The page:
Searching for a Nation
Carolyn Nowlin’s first full-length novel features her own Hammond family ancestors. She begins with Martin Hammond who leaves home—a place without a name—for the New World in January 1635. Sparse details and reproductions of historical documents enhance the story of Martin and his progeny through their hardscrabble adaptation to the wilderness and their efforts to build a life in America.
The Hammond family readily represents the American experience from the early years of settling the new continent to those just prior to the Civil War. The author recounts a consistent look at daily life offering very few specifics or helpful details to place these rather saintly family members within the historic context of their times. The reader must fill in the blanks concerning the history major events and social context of those eras.
The concept of fiction based upon fact with documents included has merit and finding a nation of people who are related sounds intriguing. Sadly the book doesn’t deliver. Filling only 200 pages documents and all it attempts to cover the lives of family members from 1600 to 1900 but falls woefully short of epic historical fiction expectations.
The author begins her preface by writing “I never had any intentions of writing a book. When in school composition was my worst subject. I did not like writing…” The book is written in a stilted elementary composition style. This vague telling rather than showing writing style lacks the crafting of an experienced writer: “Matthias felt weary of traveling. As a dutiful son he willingly did what his parents asked but he wondered when they would finally settle down and stop moving. He kept his feelings to himself wondering if the other family members felt the same. He did not dare ask anyone what they thought about the constant traveling.”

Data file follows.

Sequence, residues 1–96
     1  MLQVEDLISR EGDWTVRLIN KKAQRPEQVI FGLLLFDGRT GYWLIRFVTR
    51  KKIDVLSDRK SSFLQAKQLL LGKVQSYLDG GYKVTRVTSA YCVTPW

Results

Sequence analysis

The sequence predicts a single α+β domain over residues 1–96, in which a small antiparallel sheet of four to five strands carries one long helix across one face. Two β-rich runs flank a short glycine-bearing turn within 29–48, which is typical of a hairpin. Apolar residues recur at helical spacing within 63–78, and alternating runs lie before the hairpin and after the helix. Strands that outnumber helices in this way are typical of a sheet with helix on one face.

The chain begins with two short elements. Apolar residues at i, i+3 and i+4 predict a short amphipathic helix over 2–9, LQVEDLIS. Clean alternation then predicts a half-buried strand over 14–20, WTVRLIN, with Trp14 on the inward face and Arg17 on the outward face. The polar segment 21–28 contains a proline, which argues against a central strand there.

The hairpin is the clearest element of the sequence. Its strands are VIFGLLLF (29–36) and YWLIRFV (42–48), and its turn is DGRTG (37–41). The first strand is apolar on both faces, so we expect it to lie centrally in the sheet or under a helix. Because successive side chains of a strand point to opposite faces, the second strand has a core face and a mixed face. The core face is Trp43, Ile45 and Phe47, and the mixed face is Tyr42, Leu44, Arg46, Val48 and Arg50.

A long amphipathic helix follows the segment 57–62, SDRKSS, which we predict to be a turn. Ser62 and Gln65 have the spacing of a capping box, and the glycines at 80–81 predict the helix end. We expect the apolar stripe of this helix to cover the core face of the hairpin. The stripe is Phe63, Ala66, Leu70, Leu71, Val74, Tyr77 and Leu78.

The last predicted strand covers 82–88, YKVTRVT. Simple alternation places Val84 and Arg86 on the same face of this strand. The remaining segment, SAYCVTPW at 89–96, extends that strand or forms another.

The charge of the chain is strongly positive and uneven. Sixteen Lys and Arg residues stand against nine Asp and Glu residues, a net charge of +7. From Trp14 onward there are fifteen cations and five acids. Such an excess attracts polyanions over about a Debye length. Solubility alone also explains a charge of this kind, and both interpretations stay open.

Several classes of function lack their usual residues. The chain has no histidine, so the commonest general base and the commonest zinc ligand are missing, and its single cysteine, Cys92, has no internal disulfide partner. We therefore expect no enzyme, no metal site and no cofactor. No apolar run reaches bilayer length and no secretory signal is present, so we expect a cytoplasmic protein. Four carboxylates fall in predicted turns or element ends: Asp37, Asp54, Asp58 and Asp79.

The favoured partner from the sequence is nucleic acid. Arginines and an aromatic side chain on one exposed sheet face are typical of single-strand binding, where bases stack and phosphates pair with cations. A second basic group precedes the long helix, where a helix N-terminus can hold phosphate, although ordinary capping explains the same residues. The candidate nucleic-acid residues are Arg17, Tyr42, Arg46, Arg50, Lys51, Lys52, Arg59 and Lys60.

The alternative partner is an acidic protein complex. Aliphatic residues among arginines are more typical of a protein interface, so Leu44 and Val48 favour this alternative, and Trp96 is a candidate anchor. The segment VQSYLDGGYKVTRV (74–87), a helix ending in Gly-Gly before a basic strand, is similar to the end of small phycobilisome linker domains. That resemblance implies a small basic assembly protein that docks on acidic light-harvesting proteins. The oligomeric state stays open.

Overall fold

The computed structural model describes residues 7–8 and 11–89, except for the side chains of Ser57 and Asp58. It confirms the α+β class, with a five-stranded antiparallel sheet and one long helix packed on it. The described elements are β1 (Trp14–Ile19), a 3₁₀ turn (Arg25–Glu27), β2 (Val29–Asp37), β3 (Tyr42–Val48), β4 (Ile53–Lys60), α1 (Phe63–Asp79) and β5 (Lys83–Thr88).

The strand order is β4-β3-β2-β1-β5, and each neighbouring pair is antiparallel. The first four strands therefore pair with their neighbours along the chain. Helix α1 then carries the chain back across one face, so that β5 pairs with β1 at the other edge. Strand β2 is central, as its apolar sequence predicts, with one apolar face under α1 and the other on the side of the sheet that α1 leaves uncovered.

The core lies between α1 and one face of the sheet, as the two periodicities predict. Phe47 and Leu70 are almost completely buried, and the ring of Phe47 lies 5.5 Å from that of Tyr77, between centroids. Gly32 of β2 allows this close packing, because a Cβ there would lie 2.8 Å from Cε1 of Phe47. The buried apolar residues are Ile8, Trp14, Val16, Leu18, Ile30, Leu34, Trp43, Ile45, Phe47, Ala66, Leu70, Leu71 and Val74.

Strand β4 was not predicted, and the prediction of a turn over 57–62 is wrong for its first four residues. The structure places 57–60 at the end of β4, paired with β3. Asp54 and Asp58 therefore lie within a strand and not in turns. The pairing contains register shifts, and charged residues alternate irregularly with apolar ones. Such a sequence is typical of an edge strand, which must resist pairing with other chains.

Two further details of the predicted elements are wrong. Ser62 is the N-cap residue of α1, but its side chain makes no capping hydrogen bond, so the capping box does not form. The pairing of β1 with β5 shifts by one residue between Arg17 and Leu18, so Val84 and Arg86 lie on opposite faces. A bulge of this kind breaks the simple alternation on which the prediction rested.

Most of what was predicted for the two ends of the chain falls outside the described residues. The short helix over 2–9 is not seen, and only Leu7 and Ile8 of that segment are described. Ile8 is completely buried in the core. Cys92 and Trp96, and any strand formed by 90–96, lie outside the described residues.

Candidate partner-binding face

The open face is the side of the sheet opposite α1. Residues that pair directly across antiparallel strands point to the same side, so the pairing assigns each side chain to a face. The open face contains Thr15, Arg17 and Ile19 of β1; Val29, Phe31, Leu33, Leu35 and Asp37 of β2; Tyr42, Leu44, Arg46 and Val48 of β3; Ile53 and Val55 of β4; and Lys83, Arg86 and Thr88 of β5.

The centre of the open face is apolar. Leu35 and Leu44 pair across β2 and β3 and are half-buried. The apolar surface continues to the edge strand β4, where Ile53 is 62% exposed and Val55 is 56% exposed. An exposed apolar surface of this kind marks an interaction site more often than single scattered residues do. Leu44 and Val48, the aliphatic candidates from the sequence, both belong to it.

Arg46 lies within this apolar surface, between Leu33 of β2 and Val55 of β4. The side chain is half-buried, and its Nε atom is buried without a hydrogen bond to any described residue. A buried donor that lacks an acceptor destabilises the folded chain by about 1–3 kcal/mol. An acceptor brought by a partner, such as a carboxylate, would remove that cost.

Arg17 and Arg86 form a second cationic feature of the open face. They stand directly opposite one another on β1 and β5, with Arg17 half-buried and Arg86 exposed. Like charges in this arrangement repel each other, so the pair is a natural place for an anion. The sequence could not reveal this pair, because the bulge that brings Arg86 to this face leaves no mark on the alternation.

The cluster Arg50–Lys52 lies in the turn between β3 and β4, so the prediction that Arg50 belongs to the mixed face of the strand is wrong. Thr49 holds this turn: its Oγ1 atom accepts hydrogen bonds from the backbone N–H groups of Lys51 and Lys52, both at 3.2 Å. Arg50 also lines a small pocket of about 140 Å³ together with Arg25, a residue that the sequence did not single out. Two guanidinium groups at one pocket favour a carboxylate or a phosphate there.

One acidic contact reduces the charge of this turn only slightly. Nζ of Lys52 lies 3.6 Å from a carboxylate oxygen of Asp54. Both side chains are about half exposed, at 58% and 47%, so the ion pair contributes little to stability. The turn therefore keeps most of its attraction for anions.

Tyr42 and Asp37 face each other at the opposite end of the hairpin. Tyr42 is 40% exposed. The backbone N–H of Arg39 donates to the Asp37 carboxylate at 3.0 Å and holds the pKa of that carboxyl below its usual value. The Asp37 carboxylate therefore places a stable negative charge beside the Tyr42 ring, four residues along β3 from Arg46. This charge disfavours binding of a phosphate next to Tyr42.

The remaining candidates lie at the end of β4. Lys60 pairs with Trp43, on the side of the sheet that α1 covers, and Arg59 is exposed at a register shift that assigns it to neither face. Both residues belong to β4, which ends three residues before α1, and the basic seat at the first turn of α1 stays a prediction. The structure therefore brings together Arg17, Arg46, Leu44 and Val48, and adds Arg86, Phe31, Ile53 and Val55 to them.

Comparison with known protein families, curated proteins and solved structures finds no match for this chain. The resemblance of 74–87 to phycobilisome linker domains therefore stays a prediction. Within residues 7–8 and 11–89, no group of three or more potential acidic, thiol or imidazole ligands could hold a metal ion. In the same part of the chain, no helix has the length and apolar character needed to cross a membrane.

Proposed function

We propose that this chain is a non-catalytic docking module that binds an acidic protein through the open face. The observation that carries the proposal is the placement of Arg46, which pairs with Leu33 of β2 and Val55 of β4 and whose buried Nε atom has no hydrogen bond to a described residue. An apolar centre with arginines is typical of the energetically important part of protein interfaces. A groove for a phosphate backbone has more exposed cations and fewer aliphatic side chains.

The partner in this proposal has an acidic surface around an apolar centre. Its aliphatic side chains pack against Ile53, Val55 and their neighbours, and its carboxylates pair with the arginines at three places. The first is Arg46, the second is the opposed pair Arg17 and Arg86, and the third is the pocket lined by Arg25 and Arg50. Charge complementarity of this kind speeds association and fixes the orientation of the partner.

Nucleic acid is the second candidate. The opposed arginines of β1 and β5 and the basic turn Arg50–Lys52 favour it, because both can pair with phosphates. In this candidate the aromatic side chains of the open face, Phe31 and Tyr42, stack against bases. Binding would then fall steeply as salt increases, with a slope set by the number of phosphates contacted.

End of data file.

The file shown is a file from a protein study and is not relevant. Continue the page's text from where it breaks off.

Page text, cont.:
The book’s strongest parts appear in Chapter Nine “Our Memories.” Here the story is told in first-person narrative style. The characters come to life with such description as “I remember how little Grandma Hammond was and she always wore cotton dresses and a kitchen apron. She wore her hair in a twisted bun on the back of her head and sometimes she would let me brush it for her.”
Although the book appears too lightweight for serious consideration as epic historical fiction or adult fiction it works as juvenile historical fiction. The book would benefit from the use of fiction techniques such as fleshed out scenes background exposition showing rather than telling as well as character setting and plot development. If written for juveniles an appendix of genealogical resources or a short article about how to research a family history could enhance the marketability of the book.